Thursday, November 28, 2013

Happy Happy la la

I admit it - I've read a book on happiness. Well, okay ... I started reading it and never finished. 

Why did I start? The obvious reason would be that I was unhappy. But it wasn't that, it was more about being happIER. It seems we all want to be happier, and apparently we want to be happy all the time.

Why did I stop reading? The problem is, sometimes it's normal not to be happy - yet when we're not happy - we're unhappy about it (pardon the pun).

Happiness is just one of many essential emotions and, for instance, over the years when my various dogs have died, well ... you know, happiness just didn't cut it on those occasions. 

There's also that research you see from time-to-time about people living in certain tribes in Africa, or villages in Vietnam for instance, that are apparently happier than people living in a more modern world. So sometimes this whole "attainment of happiness" thing seems a bit flaky to me - it's a bit like those magazines that show young, perfect looking (probably air-brushed), people living supposedly perfect lives and expect the rest of us to be the same - and anything short of that is a failure. Hang on! I'm buying your magazine - I'm giving you money to make me feel bad. That doesn't make sense.

Eliminate all that crap and I can guarantee 95% of us would be happier to start with. And personally, I think "Contentment" is the better state to aim for anyway.

So lets look at some research I've found on the topic (including over the internet ha ha ha) that leads to a more contented life.

Simple things to create a more contented life:

Be active. Regular exercise has been shown to: Reduce stress; Ward off anxiety and feelings of depression; Boost self-esteem; and Improve sleep.

Sleep more. There has been a lot of research on how sleep effects brain processing. Needless to say, lack of sleep is associated with a lot of negative mental outcomes.

Be Social. Spend time with people you care about. Research says it is the number one predictor of life satisfaction. Another study (a 72 year study of the lives of 268 men) concluded that "the only thing that really matters in life are your relationships to other people."

Changes to income, purchases, etc had very little impact on long-term happiness.

Smile. Studies show even an artificially-induced smile has a positive effect on emotions. Of course, the real thing is better (see the next point).

Laugh. God I love Dumb and Dumber, and Zoolander (thank you Jim Carrey and Ben Stiller). Laughter is a powerful antidote to stress, pain, and conflict. 

Talk to someone. We are often embarrassed by our own problems, but my experience has been that people are more understanding than we give them credit for (and often they can relate, or are in fact in a worse situation). And it's always good to get another perspective, because right at that moment your thinking could be clouded.

Show up. Contented people experience obstacles just like everyone else. People who get the results they want don’t just wait until they feel like doing something. They show up.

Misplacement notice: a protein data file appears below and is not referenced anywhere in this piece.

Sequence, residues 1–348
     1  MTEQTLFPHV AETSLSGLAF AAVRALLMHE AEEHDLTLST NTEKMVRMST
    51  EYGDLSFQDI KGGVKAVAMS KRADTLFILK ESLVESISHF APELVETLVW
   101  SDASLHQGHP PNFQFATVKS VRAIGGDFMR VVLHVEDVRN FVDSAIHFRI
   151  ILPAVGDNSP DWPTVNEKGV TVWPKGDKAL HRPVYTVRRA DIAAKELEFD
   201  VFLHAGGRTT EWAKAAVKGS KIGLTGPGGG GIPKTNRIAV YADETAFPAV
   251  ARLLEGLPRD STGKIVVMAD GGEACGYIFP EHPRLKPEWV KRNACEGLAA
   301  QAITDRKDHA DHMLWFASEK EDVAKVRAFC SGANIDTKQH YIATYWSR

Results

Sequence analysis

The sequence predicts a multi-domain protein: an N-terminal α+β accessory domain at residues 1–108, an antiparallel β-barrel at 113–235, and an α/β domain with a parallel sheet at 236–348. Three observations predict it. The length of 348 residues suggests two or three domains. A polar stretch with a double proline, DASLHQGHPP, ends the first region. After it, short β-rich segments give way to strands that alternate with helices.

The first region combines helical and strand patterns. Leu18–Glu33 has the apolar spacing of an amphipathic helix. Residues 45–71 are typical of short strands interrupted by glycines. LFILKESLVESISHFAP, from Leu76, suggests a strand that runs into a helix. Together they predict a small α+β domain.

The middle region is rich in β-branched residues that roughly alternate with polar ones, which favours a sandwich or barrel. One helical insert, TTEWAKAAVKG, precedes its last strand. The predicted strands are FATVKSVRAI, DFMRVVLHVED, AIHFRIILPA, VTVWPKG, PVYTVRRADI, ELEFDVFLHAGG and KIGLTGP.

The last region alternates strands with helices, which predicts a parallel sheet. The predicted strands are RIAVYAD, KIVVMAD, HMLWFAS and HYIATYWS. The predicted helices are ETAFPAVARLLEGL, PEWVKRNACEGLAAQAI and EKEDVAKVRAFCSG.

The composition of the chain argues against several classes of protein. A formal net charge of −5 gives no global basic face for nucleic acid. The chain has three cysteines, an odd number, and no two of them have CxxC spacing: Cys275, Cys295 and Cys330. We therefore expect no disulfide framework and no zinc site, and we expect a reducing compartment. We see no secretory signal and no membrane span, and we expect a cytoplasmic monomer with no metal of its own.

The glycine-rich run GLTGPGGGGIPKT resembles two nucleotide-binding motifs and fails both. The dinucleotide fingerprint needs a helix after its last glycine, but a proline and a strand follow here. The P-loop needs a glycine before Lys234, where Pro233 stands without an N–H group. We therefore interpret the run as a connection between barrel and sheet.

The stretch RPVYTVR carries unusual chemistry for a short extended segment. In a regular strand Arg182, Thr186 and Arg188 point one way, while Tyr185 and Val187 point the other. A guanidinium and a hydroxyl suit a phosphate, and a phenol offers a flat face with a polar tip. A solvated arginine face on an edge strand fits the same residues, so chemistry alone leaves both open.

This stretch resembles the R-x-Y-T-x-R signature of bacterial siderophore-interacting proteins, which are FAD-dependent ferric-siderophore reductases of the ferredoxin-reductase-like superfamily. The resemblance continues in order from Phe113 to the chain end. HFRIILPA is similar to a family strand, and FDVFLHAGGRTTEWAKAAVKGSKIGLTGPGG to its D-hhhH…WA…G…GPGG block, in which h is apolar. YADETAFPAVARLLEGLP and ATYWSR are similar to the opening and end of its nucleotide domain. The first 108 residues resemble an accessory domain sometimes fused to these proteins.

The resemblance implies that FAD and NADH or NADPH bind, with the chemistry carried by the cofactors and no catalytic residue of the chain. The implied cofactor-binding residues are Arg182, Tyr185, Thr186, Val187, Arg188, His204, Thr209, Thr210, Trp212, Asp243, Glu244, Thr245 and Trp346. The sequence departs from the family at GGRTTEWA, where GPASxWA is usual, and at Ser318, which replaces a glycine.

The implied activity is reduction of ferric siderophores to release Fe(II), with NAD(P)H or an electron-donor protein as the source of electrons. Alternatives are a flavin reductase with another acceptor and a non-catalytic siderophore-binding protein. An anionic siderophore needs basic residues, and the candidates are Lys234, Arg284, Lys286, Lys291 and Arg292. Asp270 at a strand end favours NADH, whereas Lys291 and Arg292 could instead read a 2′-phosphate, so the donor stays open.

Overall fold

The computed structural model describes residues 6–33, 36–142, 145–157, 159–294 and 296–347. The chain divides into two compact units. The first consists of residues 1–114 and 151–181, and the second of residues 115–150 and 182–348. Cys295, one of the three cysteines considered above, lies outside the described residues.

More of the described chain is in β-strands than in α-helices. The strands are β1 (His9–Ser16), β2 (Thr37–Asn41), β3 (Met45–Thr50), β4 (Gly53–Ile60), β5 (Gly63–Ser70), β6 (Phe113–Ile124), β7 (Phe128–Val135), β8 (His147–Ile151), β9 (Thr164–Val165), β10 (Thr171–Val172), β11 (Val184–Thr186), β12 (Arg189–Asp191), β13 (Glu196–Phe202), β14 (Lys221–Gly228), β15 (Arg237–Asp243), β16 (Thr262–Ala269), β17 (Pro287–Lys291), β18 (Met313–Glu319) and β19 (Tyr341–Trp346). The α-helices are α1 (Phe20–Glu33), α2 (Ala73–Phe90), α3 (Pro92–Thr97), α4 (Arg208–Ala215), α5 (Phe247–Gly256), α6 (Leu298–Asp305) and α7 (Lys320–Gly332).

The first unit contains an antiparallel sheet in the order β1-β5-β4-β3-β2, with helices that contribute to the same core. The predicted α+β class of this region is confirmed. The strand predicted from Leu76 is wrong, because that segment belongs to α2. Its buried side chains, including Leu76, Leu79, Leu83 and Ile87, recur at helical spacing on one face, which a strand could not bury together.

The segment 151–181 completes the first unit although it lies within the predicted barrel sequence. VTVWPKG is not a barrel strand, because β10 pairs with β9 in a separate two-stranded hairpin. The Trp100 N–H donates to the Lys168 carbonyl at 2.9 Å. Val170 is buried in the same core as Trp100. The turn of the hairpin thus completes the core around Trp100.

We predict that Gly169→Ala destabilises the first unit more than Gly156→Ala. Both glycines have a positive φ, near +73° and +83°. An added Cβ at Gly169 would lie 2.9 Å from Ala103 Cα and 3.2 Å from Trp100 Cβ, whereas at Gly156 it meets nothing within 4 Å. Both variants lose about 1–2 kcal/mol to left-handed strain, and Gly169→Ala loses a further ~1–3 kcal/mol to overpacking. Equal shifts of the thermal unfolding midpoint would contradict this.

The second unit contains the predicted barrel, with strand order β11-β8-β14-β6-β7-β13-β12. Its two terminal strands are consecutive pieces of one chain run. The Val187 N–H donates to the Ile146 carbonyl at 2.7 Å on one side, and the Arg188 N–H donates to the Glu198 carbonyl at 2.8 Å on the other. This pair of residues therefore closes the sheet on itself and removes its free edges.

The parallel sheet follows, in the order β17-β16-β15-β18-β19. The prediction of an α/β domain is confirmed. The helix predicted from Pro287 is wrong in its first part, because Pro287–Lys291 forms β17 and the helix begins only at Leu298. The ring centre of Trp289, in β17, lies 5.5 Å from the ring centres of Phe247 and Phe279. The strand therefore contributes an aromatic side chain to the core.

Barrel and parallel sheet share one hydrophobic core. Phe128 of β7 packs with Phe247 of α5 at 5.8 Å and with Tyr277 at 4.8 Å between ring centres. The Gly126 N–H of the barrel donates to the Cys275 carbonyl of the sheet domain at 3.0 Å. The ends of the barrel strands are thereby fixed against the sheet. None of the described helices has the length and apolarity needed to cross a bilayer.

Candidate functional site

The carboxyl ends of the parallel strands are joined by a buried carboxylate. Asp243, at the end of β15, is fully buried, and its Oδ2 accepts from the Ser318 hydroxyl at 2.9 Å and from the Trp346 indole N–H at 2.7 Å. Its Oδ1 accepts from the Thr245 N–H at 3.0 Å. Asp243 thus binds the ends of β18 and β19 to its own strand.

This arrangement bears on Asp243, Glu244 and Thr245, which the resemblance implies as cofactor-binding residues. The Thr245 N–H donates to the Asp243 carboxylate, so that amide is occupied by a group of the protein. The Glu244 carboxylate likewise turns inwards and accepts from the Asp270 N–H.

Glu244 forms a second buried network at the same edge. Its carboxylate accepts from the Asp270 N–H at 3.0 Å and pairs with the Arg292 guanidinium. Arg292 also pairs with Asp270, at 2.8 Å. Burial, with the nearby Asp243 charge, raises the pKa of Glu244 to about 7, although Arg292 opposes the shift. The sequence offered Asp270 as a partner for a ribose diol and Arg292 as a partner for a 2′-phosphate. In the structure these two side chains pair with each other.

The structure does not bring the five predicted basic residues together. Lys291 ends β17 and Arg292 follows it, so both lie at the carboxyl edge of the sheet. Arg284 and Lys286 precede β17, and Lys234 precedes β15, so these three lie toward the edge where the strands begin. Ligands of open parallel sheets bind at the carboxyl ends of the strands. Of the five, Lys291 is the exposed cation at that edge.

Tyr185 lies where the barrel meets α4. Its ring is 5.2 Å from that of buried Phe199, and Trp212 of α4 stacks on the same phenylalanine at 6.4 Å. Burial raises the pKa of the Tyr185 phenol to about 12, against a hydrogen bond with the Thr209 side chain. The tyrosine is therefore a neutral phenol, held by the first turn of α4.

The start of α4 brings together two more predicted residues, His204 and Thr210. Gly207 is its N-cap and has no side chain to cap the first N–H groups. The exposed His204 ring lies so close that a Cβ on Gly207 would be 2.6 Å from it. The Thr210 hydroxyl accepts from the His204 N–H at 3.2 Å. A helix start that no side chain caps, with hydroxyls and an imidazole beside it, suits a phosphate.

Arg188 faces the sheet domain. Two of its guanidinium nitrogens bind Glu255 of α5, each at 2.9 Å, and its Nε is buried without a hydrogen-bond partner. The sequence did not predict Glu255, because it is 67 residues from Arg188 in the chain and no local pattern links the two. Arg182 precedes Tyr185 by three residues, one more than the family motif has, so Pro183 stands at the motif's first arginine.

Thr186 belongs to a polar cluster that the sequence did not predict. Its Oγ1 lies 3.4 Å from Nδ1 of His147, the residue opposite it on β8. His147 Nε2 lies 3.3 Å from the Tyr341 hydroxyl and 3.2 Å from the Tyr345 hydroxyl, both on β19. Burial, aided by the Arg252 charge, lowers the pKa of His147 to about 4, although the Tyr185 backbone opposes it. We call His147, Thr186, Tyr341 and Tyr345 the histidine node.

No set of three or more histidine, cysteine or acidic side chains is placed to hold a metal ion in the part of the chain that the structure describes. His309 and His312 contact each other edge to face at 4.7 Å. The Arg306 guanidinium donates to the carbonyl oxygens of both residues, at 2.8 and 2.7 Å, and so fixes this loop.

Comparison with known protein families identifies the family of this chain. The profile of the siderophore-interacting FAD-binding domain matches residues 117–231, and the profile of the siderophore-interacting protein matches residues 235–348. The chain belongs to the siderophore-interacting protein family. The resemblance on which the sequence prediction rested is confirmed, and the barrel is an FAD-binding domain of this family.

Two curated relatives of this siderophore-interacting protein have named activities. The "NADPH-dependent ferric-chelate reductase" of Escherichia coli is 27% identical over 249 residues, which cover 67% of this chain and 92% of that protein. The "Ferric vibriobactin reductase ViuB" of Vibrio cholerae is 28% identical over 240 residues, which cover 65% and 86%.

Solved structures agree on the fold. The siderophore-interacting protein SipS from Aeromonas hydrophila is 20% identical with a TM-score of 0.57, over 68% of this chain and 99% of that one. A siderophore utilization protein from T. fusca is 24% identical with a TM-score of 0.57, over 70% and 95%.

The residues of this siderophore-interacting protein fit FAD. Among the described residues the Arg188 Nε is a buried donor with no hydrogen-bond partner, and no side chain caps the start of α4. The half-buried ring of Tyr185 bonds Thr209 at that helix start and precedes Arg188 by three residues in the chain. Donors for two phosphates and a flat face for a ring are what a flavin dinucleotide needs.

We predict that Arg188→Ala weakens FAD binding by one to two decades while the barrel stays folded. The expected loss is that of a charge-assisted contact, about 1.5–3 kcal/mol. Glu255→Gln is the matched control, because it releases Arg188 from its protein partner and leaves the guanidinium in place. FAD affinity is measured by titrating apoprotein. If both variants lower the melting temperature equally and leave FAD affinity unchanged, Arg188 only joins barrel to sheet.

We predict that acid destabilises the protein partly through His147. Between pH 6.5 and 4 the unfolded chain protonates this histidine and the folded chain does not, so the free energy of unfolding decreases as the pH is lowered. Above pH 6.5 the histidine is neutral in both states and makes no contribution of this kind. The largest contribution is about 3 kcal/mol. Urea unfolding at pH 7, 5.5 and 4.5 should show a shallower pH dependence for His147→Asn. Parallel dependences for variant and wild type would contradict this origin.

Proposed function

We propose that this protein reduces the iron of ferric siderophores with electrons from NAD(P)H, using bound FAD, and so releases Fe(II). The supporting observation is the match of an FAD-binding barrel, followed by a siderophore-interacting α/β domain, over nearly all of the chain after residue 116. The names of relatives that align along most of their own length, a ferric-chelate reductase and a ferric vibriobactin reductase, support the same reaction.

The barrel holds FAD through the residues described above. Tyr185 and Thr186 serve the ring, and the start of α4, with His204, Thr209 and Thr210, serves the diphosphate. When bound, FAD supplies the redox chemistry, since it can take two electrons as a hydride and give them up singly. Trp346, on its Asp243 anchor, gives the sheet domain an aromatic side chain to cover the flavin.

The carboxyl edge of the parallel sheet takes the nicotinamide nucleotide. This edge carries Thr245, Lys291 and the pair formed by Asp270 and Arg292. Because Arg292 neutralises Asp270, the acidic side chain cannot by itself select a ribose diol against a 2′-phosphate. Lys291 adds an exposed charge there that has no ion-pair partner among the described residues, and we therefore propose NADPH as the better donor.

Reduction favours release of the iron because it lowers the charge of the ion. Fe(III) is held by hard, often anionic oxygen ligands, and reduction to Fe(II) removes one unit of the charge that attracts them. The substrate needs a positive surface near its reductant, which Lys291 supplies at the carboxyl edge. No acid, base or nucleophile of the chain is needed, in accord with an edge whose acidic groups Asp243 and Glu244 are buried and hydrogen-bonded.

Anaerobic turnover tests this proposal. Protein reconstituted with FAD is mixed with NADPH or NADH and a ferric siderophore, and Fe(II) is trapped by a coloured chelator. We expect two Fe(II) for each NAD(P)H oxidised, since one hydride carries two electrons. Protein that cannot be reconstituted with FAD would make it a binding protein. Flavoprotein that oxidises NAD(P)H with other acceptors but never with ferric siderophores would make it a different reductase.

Take criticism in your stride. First figure out if the criticism is valid. Some people are just being nasty because they can be. Valid criticism is awesome - if you can reflect on it and make changes to whatever aspect has been criticised. Be honest with yourself.

It's ok to fail. If we never failed, how can we appreciate our success? Everyone fails - I fail so regularly that it doesn't even register anymore. As above, be honest - don't blame others for your own shortcomings.

Become aware of your internal dialogue. Thoughts create attitudes, attitudes create actions, actions become habits, and your habits become your personality, which in turn becomes your destiny. And it cuts both ways, good and bad.

Psychiatrist and Holocaust survivor, Viktor Frankl said, "Everything can be taken from a man (or woman) but one thing: the last of human freedoms - to choose one's attitude in any given set of circumstances, to choose one's own way."

One of the greatest freedoms in life is being able to take decisions without the need for approval from other people. Not being able to be yourself, always trying to change for others or censoring yourself doesn't feel good at all.

Meditate. Often touted as important for improving focus, clarity and attention span, as well as helping to keep you calm. A study of brain scans showed that it also caused parts of the brain associated with compassion and self-awareness to grow, and parts associated with stress to shrink.

To me it seems there's not much happening in that second brain at all - but apparently that's a good thing.

Kill the clutter. Clutter does not contribute to focus and positivity. 

Spend time outside. Natural environments were shown to be more effective than urban, though both were shown to be beneficial.

Help Others. This is one of the biggies.

Work hard. Nothing comes easy, and behind every success story are hours of plain hard work. We tend to overestimate talent and underestimate hard work.

Practice Gratitude. A nice way to start looking at the positives in your life instead of the negatives. At the dinner table we share 3 good things that happened that day. Results from a study which did this indicated an increase in happiness and life satisfaction, while decreasing depressive symptoms.

Some of the ideas expressed here came from my own thoughts and experiences, but many were sourced from the following:

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